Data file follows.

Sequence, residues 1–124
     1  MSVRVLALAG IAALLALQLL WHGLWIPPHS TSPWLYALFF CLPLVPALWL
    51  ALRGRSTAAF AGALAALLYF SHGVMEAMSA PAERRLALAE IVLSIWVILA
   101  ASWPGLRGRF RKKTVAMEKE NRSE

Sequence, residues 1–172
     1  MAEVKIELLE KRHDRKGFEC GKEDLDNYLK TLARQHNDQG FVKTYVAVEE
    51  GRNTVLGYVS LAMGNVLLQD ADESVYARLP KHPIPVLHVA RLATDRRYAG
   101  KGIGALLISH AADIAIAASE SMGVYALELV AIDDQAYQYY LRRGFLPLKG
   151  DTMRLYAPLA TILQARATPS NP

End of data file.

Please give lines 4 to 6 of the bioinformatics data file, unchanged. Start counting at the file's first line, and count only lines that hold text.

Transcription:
   101  ASWPGLRGRF RKKTVAMEKE NRSE

Sequence, residues 1–172
     1  MAEVKIELLE KRHDRKGFEC GKEDLDNYLK TLARQHNDQG FVKTYVAVEE